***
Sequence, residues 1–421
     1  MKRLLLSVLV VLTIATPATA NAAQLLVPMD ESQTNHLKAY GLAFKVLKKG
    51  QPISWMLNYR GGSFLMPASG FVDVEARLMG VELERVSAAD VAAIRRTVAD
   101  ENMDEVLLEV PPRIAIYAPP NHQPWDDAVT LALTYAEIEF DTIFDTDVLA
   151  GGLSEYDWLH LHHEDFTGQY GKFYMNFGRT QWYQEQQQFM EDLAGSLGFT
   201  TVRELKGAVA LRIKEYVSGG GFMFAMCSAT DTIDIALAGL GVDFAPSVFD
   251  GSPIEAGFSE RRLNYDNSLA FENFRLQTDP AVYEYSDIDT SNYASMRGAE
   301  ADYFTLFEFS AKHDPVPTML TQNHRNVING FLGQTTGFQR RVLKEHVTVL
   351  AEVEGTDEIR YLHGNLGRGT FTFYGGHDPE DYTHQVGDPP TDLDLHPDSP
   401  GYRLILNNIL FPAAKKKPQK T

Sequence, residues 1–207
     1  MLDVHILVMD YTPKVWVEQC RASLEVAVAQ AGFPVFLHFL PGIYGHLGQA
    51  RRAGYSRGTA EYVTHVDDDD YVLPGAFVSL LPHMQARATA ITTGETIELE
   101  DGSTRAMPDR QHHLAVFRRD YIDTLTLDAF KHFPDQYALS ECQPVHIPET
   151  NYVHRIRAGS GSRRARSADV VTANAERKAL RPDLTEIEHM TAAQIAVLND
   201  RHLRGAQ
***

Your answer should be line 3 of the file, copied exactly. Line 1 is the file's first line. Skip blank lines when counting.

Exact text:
    51  QPISWMLNYR GGSFLMPASG FVDVEARLMG VELERVSAAD VAAIRRTVAD